But the sky kept getting darker.
We had just reached the Phipps Run valley beneath the tufa bridge when the first heavy drops began. How convenient! We waited under the bridge while it poured for at least 5 minutes.
Gray clouds persisted after the rain so birds were hard to find. Best Bird was a rose-breasted grosbeak — but I didn’t see it because I was distracted by a squirrel taunting an immature red-tailed hawk. Squirrels are hawk-food but this one won the contest. The red-tail flew away.
Though it was wet we saw a few good birds. Thanks to everyone for coming out on a gray day.
Eleven people joined me on Sunday July 29 for a walk in Schenley Park. The outing started from the Westinghouse monument and began with a surprise: a juvenile great blue heron was fishing in the ornamental pond.
Those who came early found the heron perched on top of the monument. (Sorry I missed that!) He caught and ate a small frog, then flew away.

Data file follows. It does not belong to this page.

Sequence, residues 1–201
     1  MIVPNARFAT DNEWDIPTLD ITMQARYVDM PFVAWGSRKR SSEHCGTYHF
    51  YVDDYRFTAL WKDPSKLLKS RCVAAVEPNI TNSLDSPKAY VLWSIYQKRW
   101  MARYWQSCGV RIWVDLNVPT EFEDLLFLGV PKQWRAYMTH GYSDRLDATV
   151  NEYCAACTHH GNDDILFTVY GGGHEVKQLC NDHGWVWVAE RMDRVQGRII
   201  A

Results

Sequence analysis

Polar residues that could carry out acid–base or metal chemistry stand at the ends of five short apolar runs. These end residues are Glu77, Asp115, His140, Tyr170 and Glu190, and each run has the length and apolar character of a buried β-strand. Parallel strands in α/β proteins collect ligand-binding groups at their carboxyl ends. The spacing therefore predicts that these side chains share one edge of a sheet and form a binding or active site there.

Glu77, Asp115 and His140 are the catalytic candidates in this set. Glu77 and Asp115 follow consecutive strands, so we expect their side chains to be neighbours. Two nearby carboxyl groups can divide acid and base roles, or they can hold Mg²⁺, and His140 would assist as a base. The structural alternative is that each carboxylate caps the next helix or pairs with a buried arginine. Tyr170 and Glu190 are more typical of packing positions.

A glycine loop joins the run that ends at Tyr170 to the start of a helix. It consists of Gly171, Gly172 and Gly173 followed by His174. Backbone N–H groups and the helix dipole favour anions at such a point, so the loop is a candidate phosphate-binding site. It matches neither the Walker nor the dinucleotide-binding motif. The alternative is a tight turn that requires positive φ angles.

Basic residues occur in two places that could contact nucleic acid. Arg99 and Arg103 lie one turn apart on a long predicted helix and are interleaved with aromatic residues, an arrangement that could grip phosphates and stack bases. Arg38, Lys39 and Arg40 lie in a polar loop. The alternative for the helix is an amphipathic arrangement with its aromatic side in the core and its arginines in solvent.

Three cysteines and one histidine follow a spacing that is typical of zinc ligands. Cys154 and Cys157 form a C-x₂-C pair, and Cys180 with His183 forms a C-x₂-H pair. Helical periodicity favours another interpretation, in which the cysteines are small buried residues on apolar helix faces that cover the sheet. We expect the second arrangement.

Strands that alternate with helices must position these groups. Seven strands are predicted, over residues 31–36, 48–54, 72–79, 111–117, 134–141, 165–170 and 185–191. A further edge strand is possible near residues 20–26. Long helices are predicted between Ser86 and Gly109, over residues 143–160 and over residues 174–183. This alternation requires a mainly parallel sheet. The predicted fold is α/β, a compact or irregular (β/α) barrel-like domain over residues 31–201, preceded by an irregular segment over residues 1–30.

There were still plenty of frogs left. Here’s one of many adult bullfrogs.
As the day warmed up the butterflies and moths came out. A silver spotted skipper landed on my hat and stayed so long that I tried to photograph it — but couldn’t. These photos are by Peter Bell.
We saw squirrels, chipmunks and young rabbits … and, yes, there were birds. Of the 19 species we saw/heard, we voted these the Best: (Click here for the complete checklist.)
The juvenile great blue heron in the pond.
Two young wood thrushes in a tangle of old branches.
A male scarlet tanager in the trees above us and later a female as well.
Beautiful American goldfinches eating thistle seeds.
At the end of the walk we stood by the pond and pondered the frogs.
(photos by Kate St. John, Peter Bell and Anne Marie Bosnyak)